10 Years Since Stuxnet: Is Your Operational Technology Safe?

The destructive worm may have debuted a decade ago, but Stuxnet is still making its presence known. Here are steps you can take to stay safer from similar attacks.

Mike Dow, Senior Product Manager, IoT Security, at Silicon Labs

October 6, 2020

5 Min Read

Around this time 10 years ago, the Stuxnet worm made its global debut. Unleashed with the intent to destroy the Iranian Bushehr nuclear power plant, the sophisticated malware leveraged a multistep attack sequence that used Windows zero-day vulnerabilities and spread via USB flash drive to reach its targets. Its coding was designed to identify programmable logic controllers (PLCs) made by the manufacturing company Siemens in order to gain access to and effectively damage high-speed centrifuges — and within several months of the attack, 50,000 different Windows computers were said to have been infected along with 14 Siemens control systems.

For experts, this hack marked the dawn of a new era. Previous cybersecurity concerns around the digital and IT world expanded to include the potential for powerful attacks on operational systems and physical hardware. Additionally, in the case with Stuxnet, while system patches at the time were applied to several of the vulnerabilities, researchers from SafeBreach Labs just uncovered new zero-day vulnerabilities tied to the original flaw — an entire decade later. The reach of Stuxnet continues to live on today, despite focused efforts of mitigation, indicating just how resilient these viruses can be.

While the malware's creators were never officially identified, researchers have acknowledged that its sheer complexities alone suggest that it was executed by a group of experts working together to build it months or even years prior to its final release. Over time, we've seen these kinds of strategic operations increase and actually form into what has been dubbed "the cyber mafia" — large, highly organized criminal enterprises made up of hundreds of employees that encompass everyone up to C-suite executives. Stealthy, innovative, and intelligent, these organizations have amassed millions of dollars by extorting major corporations, a large majority of which are collected via ransomware.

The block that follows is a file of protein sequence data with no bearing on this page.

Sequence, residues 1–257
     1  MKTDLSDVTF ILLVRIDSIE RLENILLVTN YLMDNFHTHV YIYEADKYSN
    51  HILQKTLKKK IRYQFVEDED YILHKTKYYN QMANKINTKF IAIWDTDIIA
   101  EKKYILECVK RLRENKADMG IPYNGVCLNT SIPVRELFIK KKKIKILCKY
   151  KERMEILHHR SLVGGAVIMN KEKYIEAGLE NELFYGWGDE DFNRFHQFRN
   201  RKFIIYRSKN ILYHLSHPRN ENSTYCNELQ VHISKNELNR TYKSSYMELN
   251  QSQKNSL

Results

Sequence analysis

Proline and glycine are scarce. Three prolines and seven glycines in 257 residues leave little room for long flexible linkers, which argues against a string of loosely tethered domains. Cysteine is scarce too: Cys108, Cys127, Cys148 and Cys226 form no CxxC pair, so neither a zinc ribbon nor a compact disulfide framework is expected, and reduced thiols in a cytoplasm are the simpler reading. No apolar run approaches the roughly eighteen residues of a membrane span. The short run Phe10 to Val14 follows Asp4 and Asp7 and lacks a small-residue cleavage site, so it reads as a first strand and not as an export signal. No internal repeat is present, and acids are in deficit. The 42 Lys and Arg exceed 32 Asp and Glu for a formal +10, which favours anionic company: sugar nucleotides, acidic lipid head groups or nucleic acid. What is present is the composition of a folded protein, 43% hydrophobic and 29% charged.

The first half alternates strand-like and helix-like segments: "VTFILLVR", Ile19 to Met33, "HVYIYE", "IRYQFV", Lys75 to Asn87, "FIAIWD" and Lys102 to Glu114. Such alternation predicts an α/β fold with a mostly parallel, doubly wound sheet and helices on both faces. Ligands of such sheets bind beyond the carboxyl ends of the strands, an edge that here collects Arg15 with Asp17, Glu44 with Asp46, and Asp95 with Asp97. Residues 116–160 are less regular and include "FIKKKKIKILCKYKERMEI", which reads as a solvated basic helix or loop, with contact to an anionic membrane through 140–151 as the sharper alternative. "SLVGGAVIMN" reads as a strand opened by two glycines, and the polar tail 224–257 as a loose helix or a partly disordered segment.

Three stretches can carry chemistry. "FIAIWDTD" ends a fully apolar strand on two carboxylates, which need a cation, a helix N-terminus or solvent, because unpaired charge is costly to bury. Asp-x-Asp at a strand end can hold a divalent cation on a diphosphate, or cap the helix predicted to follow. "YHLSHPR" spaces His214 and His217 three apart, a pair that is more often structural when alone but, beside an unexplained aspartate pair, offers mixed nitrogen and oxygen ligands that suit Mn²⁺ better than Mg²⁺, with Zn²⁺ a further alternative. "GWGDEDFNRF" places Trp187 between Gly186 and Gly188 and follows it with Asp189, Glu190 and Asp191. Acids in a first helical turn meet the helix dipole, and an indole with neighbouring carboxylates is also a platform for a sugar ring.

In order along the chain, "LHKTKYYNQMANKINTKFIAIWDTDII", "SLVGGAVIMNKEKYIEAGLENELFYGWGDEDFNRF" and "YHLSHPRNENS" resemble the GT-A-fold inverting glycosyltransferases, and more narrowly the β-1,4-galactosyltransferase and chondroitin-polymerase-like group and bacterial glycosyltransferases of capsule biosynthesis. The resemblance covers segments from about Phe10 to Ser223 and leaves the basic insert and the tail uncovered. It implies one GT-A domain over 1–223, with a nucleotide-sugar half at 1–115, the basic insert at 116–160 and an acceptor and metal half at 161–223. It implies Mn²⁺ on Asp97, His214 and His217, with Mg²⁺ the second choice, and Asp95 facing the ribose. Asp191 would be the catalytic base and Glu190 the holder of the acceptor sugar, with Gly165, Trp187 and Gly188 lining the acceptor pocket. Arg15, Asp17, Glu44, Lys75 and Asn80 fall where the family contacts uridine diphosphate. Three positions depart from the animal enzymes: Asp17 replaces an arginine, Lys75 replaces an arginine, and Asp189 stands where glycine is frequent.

As the world becomes more connected and technology such as Internet of Things (IoT) and Industrial IoT devices proliferate, these issues will continue to grow more complex. Operational technology (OT) has and will continue to become a prime target for the cyber mafia and other malicious attackers if organizations don't take the proper steps to help protect and secure their systems against new and innovative attacks. Earlier this year, researchers discovered a new form of ransomware directly targeted at industrial control systems called EKANS, which is designed to "kill" software processes, encrypt data, and hold it hostage for ransom, and has affected large corporations such as Honda and Enel in its wake.

According to IBM, these kinds of OT hacks had increased a staggering 2,000% from 2018 to 2019 and Fortinet's "2020 State of Operational Technology and Cybersecurity Report" found that 74% of OT organizations reported having experienced a data breach in the last 12 months that directly affected their safety, revenue, and reputations.